It used to be in the past that the kitchen was a restricted room and entered only by the chef, the help or his/her staff, very much hidden from the eyes of visitors, it was also not a surprise if it was thought that these walls were there to keep the chef’s culinary secrets safe or that he had a secret ingredient that he wanted kept away from prying eyes.
Kitchens were normally placed at the back of the building surrounded by the four walls – keeping in the sound and heat from a busy kitchen.
It is no longer the case today. Looking into the concept of food and beverage outlets and designs of commercial kitchens, the tides have obviously turned. Where before, the kitchen which was hot, noisy and a spoiler to a nice dining environment, today for many they are the star attractions. Boldly positioned at the front of the house with chefs working hard directly in the line of the customers’ eyes, these “OPEN” kitchens have become one factor to why your guests dine with you.
In today’s celebrity chefs’ era, Ben Gregoire our VP in our Malaysia office shares that many diners will pay top dollar to go to a restaurant to get a glimpse of the chef working his magic. “Open kitchens break down the mystery to where your food is coming from and highlights the high level of skill and creativity that goes into a chef’s menu making it an experience for the diners.”
We all have definitely come across many layouts where the kitchen was the main focal point. If you plan to have one for your next F&B venture, it is not as easy as just foregoing the walls. And it is not just the fancy equipment displayed behind glass walls that will do the trick.
These kitchens must work effectively. From the point of food preparation, cooking and service, your team’s movement within the space is the utmost concern when it comes to the design. A poorly designed one might have your team looking like hamsters running around in cages – for all to see.
On top of functionality, because of its open view – the need to maintain hygiene standards and strict upkeep of these designs are crucial. An exposed kitchen with poorly maintained areas and equipment alike, doesn’t serve confidence to your customers.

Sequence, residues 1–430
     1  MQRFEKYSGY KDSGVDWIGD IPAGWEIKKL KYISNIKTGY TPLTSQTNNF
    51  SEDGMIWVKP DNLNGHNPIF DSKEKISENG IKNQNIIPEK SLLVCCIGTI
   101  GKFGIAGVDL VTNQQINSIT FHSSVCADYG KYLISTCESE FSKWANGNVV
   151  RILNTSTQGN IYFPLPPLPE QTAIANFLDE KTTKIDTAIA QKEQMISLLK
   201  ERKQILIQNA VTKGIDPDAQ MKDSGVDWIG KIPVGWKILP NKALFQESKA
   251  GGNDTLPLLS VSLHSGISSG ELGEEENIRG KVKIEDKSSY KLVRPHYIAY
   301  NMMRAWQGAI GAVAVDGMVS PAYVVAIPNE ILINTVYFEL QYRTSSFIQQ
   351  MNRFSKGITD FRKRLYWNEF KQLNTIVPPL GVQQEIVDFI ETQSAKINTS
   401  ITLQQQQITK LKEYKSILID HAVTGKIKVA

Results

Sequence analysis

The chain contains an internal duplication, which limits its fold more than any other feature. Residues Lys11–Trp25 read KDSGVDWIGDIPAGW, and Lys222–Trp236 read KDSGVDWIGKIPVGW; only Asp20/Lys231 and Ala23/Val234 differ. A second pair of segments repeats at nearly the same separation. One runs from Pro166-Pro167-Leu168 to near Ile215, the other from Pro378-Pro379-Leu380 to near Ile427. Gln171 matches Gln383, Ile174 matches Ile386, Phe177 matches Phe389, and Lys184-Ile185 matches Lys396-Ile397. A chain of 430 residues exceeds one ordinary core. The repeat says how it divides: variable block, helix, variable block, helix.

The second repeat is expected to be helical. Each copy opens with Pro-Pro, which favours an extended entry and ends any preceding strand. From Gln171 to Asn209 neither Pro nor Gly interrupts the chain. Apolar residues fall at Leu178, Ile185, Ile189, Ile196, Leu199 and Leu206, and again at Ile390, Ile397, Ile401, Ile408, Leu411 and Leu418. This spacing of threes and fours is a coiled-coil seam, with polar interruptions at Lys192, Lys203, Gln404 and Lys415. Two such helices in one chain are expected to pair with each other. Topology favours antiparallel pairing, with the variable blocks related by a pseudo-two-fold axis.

And when the walls come down, be prepared to combat the issue of smell and heat that your customers might experience.
So, before you start tearing down the walls to jump on the bandwagon, look at some core points that you would need to open your mind to first:
- How much “open” kitchen are we talking about?
- Does your menu make sense for an open kitchen?
- Can you truly maintain the “look and feel” of an open kitchen?
- Are you ready for the social media praises and bashes?
- Open or close kitchens, they both work. It is just a matter of what YOU can cope with for your business that is more important.
How an “open kitchen” looks like amid a busy day in Rosewood Hong Kong, a project done by CKP. (Image via CKP)
In CKP, we have had the pleasure of working with many great chefs and have brought their menu and skills to the forefront for the pleasure of their diners. As we work on our next exciting design, head to our gallery for some ideas and let’s brainstorm your next big venture!
CKP Hospitality Consultants – formerly Creative Kitchen Planners – is a global hospitality design and concept firm that assists clients to plan, develop and implement successful F&B venues. We’ve been at it for over 30 years and today, with over 1800 completed projects worldwide, we have set the benchmark and redefined global standards in the hospitality design industry.